President Trump will be at the United Nations General Assembly this week, participating in a series of conversations and giving speeches. In typical Trump style, he opened his remarks this morning by praising his own real estate across the street, the Trump World Tower. Trump has criticized the UN numerous times in the past, including saying that the UN is “not a friend of freedom” and calling it a club for people “to have a good time.” This morning, Trump continued to push his “America First” agenda, saying that “no state should bear a disproportionate share of costs.” He also said, “[The UN] has not reached its potential because of the bureaucracy and mismanagement.”
His trip comes on the heels of yet another North Korean missile test, with world leaders attempting to answer the question of what is to be done. Despite numerous sanctions renewals against the state, Kim Jong Un continues to test his arsenal, demonstrating that UN sanctions have been insufficient to deter further tests. Trump–instead of promoting improvements to insufficient sanctions, strengthening coordination with allies in the region, or holding China and Russia accountable for abetting the Kim regime–has alluded to the possibility of military action on numerous occasions, while continuing to taunt Kim and North Korea on Twitter. These irresponsible tactics are ill-advised and could lead to a costly war. He is expected to suggest solutions to the problem that align with his “America First” policy of isolationism and proxy conflicts.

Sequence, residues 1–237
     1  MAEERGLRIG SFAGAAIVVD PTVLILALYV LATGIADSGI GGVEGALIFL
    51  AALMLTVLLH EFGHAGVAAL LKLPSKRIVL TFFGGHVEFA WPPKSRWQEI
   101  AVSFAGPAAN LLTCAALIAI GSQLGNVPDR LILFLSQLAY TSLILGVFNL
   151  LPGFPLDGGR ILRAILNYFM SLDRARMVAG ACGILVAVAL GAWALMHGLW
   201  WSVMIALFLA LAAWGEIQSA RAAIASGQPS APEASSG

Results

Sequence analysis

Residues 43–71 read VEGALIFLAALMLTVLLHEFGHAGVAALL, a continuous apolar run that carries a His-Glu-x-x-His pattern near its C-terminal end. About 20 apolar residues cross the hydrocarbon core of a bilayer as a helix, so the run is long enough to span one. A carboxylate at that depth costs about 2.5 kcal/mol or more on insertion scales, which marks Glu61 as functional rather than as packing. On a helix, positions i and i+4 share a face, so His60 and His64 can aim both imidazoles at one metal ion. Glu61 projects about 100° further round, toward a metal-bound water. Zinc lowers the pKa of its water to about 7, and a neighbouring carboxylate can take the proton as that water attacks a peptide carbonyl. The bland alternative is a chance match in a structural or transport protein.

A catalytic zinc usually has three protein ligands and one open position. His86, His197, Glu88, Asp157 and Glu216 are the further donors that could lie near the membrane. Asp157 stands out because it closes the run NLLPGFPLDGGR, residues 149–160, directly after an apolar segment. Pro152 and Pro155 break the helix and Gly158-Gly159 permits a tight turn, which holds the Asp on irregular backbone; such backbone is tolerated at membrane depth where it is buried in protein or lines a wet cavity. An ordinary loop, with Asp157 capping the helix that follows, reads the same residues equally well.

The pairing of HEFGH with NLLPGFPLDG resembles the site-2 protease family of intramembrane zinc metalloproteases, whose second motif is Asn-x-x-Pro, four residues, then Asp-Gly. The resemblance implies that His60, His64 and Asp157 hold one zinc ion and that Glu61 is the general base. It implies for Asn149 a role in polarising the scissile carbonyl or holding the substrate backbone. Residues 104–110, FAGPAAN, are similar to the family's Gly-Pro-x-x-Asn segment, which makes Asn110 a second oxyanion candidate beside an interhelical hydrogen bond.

North Korea is not the only global challenge that awaits Trump and the UN this week. The Iran Deal is expected to feature prominently in the conversations this week, especially as Trump has threatened to pull out of the deal. Senator Ben Cardin has said that dropping out of the deal would be “setting up a situation where the United States would be walking away and be the violator of an agreement isolating the U.S. from Europe and giving Iran much stronger platform in the international community.” Another issue up for debate this week is the Paris Climate Agreement, and Trump’s decision to withdraw the U.S. from the pact. Expect to hear climate change mentioned at the UN frequently—but not from climate denier Trump’s mouth.
ACTION OF THE DAY
#ProtectOurCare. Trumpcare is back and worse than ever. The Graham-Cassidy bill would take away healthcare from millions, eliminate Medicaid as we know it, and eliminate key protections for those with pre-existing conditions. We must make our voices loud to let Congress know that this is unacceptable. Use our toolkit today to reach out to key members of Congress! Then, share the graphic below.
Climate Change. Over the weekend, reports emerged that Trump was reversing his decision to withdraw the U.S. from the Paris Agreement, the landmark climate pact that nearly every other country supports. The White House quickly quashed the rumors and assured that Trump and his climate denying cabinet were steadfast in their opposition to global climate action. It’s yet another reminder that this administration has no intention to address climate change and is moving forward with plans to dismantle programs and policies aimed at reducing greenhouse gas emissions. But even if Trump refuses to act, we still will—add your name to say “I am still in” to support climate action.